Pete Ensch will speak on improving pet food plant performance using big data on Thursday, September 23, in the 1:30-4:15 p.m. “Keeping pet food safe with technology” concurrent sessions. Register here
Learn more about Pete’s presentation below:
How can the use of IoT and the associated data improve plant efficiencies and production?
Pete: It really comes down to using data to make decisions. If you are going to improve efficiency it starts by measuring the current state. Sensors at the process floor level are used to gather data and develop trend lines of how a current process or piece of equipment is running. The first step is to identify variation or any signs that the process is moving out of control. In most cases variation is the enemy of efficiency. Digging into the variation and identifying the root cause is the next step. Corrective action could be maintenance of equipment, adjusting process parameters or configuration settings, or correcting operator behavior. What IoT brings to the improvement process is the ability to bring all the data from the different sensors to a central location so all the data is in one place and can be overlayed to understand correlation and causation.
When it comes to production, the focus is often on lost production time, what is causing production to stop or slow down. It still is an exercise of chasing down variation and using the data to really understand the root cause.
What data should plants be looking at for quick improvements and long-term scalability?
Pete: That is an interesting question because they are often two different things. The first place to look at for quick improvements is error logs, alerts and alarms. Most control and SCADA systems track alerts and alarms along with process data associated with IoT. Operators and mill managers are notorious for acknowledging alarms throughout the day because they need to make production. The system is alarming for a reason and it is usually a maintenance issue. A sensor is bad, a piece of equipment is not cycling properly, a limit switch is worn out.
Long-term scalability is a different animal. This usually means reviewing the current state capacity of a given process and comparing that to what the process should be capable of in theory. If you should be producing 40 tons per hour out of a given process and you are only producing 30, you need to start analyzing the data to categorize what faults are creating lost production or restricting the process. Oftentimes it is not just one thing. By trending the data and keeping track of the faults and the amount of lost production for each fault you can use the Perato process to sort the faults from highest to lowest. Attack the highest to lowest by again finding the root cause. As you do make changes and improvements, continue trending the data so you can see the impact of each improvement on gaining production capacity.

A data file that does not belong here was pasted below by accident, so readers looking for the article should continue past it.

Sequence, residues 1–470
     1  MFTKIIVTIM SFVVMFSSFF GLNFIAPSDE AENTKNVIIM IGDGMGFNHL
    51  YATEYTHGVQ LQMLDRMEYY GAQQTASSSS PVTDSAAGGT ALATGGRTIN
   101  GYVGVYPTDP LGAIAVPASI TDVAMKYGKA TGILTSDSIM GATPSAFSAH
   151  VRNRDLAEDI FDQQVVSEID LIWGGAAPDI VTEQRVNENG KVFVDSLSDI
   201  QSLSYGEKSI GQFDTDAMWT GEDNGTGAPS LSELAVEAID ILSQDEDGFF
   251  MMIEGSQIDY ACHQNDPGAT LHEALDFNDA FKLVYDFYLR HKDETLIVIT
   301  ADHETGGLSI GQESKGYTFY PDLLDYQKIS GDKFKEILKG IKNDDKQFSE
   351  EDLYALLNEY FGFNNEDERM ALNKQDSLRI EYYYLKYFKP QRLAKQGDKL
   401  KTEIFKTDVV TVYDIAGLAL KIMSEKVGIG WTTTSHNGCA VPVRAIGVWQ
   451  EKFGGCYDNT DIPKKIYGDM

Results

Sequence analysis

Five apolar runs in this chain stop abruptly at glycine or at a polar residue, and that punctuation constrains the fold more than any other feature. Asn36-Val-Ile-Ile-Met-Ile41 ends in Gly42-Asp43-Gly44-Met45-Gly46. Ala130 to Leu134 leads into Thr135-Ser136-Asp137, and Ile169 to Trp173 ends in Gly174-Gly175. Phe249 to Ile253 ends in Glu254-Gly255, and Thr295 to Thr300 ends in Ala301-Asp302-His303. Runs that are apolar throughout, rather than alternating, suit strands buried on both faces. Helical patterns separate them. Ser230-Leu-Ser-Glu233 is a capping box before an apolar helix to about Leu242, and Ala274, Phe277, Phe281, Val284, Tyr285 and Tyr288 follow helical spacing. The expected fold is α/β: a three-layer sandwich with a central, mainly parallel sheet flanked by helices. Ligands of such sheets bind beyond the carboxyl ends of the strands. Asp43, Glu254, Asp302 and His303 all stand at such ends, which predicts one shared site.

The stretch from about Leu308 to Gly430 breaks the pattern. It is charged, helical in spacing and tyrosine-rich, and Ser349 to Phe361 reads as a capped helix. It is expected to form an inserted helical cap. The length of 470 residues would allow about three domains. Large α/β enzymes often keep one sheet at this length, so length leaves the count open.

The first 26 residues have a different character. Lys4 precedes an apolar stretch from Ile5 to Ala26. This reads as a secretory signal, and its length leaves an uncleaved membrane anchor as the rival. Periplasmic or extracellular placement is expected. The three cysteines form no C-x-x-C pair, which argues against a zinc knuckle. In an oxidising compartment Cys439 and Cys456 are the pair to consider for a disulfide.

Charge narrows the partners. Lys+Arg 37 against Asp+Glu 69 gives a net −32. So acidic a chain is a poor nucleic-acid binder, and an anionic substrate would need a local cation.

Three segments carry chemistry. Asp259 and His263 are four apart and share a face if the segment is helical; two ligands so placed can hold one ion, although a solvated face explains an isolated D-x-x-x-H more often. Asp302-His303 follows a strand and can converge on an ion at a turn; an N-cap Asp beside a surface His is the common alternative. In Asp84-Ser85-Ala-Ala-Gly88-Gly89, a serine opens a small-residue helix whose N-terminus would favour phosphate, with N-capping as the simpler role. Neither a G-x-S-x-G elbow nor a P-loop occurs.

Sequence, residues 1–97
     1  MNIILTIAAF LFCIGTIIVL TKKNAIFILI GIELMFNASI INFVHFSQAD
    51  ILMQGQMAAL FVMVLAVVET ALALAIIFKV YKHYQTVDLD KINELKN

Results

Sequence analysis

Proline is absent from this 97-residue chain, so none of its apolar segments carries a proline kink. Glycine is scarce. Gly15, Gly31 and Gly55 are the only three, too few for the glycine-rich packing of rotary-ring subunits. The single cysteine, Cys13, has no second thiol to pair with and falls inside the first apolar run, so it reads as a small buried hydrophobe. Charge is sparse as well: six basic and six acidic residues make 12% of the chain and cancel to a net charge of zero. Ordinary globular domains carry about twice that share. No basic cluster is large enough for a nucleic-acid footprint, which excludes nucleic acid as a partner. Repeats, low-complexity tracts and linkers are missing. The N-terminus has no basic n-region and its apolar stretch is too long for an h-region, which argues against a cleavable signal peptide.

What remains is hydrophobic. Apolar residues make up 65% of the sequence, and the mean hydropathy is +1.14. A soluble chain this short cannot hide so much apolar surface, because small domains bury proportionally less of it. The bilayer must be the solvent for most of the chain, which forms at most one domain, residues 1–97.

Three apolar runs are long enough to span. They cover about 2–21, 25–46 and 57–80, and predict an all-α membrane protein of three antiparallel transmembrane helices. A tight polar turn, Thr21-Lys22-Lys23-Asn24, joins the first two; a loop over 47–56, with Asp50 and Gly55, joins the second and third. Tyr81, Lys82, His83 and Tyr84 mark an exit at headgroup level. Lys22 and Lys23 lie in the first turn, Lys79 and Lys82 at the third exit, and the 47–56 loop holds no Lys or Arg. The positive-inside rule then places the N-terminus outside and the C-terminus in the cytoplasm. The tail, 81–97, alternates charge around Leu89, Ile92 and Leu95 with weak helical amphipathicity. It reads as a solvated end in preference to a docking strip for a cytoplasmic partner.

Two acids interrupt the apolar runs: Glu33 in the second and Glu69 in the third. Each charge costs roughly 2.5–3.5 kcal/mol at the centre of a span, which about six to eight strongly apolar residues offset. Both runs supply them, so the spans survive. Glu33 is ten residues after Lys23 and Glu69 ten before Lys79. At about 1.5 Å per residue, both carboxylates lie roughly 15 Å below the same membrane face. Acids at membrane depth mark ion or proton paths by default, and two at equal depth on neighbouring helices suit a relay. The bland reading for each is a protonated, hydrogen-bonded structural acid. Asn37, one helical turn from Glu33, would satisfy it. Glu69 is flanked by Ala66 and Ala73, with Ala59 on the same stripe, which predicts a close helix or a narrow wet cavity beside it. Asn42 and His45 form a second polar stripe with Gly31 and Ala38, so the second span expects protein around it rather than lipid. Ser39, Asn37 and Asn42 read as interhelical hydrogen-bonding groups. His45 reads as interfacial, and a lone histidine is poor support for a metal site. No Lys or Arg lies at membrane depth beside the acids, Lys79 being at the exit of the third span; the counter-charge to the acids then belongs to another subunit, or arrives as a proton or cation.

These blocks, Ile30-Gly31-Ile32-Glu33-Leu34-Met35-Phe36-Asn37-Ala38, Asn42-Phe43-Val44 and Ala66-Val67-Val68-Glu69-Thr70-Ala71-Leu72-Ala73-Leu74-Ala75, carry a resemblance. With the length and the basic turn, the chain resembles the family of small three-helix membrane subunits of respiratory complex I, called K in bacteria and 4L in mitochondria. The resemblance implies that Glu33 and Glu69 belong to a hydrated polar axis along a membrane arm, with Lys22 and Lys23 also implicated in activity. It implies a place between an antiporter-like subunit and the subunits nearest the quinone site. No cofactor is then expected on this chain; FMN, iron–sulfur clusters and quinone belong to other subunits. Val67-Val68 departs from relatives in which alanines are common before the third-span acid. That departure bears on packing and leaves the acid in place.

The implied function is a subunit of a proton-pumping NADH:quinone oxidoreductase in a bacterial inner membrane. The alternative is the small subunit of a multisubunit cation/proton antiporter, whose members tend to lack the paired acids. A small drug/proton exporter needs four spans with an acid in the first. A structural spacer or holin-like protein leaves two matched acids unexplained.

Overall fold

Can you give an example of a plant performance improvement based on big data?
Pete: One of the things we will see on batching systems is a shift in the time it takes to complete a batch. We will use the scale data to look at individual materials coming from their respective bins. We will see months and months of consistent scale readings where the system was accurate and repeatable. Then suddenly, we will see variation and long scale settle times because the system is constantly jogging to make the correct weight. The system was in control and capable, then suddenly not. A quick check of the equipment will show worn screws on the feeder that was causing variation. Replace the screws, the system is back in control and the batch times return to normal.
What pets rule the Ensch household?
Pete: The Ensch household is ruled by two Labrador retrievers, a 12-year-old chocolate named Xena, the princess warrior, and Jet, a 6-year old black lab. They are great with the family and also good bird-dogs.
Industry 4.0 and smart data: Improving your pet food plant’s performance using big data — Pete Ensch, CEO, WEM Automation, outlines a step-by-step process on how a pet food facility can improve their operational performance and make fact-based decisions by using big data. This session invites the audience to reimagine their pet food plant as an interconnected smart factory by gathering data from the plant floor, throughout the manufacturing process, all the way to their ERP system to drive operational excellence. To accomplish this, all users, from plant operators to management, can efficiently analyze and interpret data to improve process controls by connecting the various machines and equipment. Unifying the various systems in your plant will improve your throughput and quality as well as enable complete traceability.
Ensch is the chief executive officer for WEM Automation, a control system and automation solutions provider for the pet food industry. Ensch is a graduate of Purdue University, and during his career, he has developed and introduced dozens of new products. He has had direct involvement with 90 granted patents, 10 of which he is a named inventor. During Ensch’s tenure, he has assisted the team with his breadth of knowledge to provide customers with a solution to their traceability and warehouse management needs.